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Research helping to restore Alabama’s oyster reefs

Oysters are an important resource for Alabama’s economy. Along the state’s more than 50 miles of coastline, oyster reefs have been depleted in some areas during recent years, making shellfish habitat research a priority for the Alabama Cooperative Extension System. By utilizing science, experts are finding new ways to restore Alabama’s coast.

Closely involved in oyster reef research in Alabama is the Auburn University Shellfish Laboratory (AUSL). This station is located on Dauphin Island where applied research is used to directly address hurdles and concerns of the aquaculture industry. Alabama Extension Assistant Professor Andrea Tarnecki said it’s a job she enjoys doing every day.

“My role as an Extension specialist is not only to survey stakeholders about their research needs, but also convey information back to those stakeholders,” Tarnecki said. “It’s a two-way communication system to figure out what they need and also being sure to get solutions back to them.”

For example, if a farmer is having an issue with a mortality event, Alabama Extension can design experiments to determine the cause. Solutions will then be provided to the farmer to circumvent the issue.

The objective

One of the AUSL’s current projects is returning oysters back to Little Dauphin Bay, adjacent to Dauphin Island. According to Tarnecki, this bay once harbored a healthy oyster population that supported the oyster harvesting community. These reefs, like many others in Alabama, have experienced significant decline over the years. By using aquaculture-based techniques to grow oysters in small clusters, researchers are returning oysters to Little Dauphin Bay to help restore the historical reefs.

The Alabama Power Service Organization is among the many partners, nonprofits and research organizations along the Gulf Coast that are also working to support restoration of oyster reefs in the region, including along Mobile Bay and near communities where oystering is a key industry, such as Bayou La Batre.

There is more than one benefit to reforming Alabama’s oyster reefs. By nature, mollusks such as oysters and clams are water-filtering organisms. They feed on the algae and bacteria that can also affect water quality.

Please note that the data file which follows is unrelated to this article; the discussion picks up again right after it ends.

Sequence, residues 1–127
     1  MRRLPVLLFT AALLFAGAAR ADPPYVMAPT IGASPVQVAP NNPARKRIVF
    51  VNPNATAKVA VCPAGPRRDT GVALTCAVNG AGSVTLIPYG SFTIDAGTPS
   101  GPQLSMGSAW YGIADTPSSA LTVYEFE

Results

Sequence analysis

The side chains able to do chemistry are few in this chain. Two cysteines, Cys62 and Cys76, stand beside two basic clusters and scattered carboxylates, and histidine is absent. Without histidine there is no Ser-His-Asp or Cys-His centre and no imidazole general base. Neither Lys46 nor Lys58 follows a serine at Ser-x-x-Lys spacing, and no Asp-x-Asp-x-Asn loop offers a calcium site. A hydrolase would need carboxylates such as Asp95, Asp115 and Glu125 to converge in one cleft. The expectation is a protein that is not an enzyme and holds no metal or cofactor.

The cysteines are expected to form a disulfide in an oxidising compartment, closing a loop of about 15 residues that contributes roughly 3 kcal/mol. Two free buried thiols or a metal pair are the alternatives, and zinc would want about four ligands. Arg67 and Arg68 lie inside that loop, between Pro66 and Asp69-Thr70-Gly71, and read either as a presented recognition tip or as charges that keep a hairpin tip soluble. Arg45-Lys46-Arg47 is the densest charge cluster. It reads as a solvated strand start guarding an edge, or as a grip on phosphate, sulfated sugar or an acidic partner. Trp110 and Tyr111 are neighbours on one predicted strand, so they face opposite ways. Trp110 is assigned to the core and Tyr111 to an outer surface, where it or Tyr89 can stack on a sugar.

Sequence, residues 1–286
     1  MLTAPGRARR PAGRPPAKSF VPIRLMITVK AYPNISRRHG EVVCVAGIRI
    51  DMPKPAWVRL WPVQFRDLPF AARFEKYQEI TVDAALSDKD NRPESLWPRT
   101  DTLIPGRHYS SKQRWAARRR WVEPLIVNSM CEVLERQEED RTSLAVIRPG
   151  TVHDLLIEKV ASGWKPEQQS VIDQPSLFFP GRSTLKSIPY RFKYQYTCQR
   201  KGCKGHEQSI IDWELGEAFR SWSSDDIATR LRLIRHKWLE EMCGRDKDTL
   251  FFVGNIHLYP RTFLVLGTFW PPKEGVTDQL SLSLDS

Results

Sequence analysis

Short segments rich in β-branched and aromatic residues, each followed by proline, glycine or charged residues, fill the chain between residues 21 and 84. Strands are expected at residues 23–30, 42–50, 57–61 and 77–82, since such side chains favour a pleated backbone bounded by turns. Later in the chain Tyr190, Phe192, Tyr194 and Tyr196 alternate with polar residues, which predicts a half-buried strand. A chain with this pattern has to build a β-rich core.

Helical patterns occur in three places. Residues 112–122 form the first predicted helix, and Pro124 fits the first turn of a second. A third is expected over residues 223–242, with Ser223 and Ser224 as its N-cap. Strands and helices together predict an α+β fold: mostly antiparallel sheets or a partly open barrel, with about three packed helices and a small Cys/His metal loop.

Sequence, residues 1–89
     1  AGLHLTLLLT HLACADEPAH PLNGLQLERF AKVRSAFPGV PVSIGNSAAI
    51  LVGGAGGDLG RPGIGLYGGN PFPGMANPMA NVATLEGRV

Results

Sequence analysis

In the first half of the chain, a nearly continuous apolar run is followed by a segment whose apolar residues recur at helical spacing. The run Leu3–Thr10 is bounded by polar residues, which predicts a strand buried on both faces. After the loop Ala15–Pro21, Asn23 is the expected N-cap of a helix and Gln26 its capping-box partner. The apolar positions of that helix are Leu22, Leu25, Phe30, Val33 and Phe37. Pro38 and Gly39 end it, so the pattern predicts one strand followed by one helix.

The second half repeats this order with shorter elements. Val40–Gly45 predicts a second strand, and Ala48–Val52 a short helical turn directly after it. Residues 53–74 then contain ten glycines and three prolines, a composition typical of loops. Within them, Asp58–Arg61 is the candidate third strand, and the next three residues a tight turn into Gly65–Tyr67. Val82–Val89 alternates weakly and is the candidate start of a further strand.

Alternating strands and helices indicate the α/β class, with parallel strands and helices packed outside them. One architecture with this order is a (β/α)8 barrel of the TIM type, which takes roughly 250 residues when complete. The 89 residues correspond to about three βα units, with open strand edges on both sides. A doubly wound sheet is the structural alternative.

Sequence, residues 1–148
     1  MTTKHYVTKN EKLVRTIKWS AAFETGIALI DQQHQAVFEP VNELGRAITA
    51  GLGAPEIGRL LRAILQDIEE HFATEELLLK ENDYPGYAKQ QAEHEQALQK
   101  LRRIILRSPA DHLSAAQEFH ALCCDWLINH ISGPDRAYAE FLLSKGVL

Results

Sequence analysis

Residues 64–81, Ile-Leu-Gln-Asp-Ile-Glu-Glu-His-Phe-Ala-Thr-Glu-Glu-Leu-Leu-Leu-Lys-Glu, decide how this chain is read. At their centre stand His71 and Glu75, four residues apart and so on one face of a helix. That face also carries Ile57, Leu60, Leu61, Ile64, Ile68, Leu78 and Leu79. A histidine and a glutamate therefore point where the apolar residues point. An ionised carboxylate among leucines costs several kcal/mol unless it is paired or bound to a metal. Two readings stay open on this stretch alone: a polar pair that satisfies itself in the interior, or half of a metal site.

“Oysters are filter feeders so they are able to filter algae from the seawater, allowing sunlight to penetrate deeper into the bay,” Tarnecki said. “In addition, oyster reefs provide extremely important habitat, which supports recreational and commercial fisheries.”

She also said reefs have a direct relationship with beach erosion. Without their structure helping protect shorelines, erosion increases, which can damage property and affect water quality.

Tarnecki said Alabama Extension’s goal regarding marine aquaculture is to provide unbiased, science-based information and research that benefits current and future generations.

“There are so many things that I love about this job and our research,” she said. “The oyster community is very tight-knit, so we have a great community to work with. In addition, we get to work with animals and interact with wonderful Alabama residents.”

The Extension team at the AUSL also provides hands-on education opportunities for the next generation of researchers through internship and graduate programs. The experience allows students from Auburn University to get their feet wet with dedicated aquaculture researchers.

“I feel very blessed to be able to work with so many students and young individuals new to aquaculture,” Tarnecki said. “There is something special about bringing someone into the lab for the first time and showing them the organisms, how they act and their life cycle. You can just see it spark interest in those students’ eyes.”

Oysters growing in an aquatic tank for research. (Alabama Cooperative Extension System)

Tarnecki said inspiration is always the goal when working with students. Despite the possibility that the student may not continue learning aquaculture sciences, their time spent with Extension and the AUSL provides them with knowledge to act as stewards for everyone outside of the lab.

For more information about research in oyster aquaculture, visit Alabama Extension’s website,

A version of this story originally appears on the Alabama Cooperative Extension System website.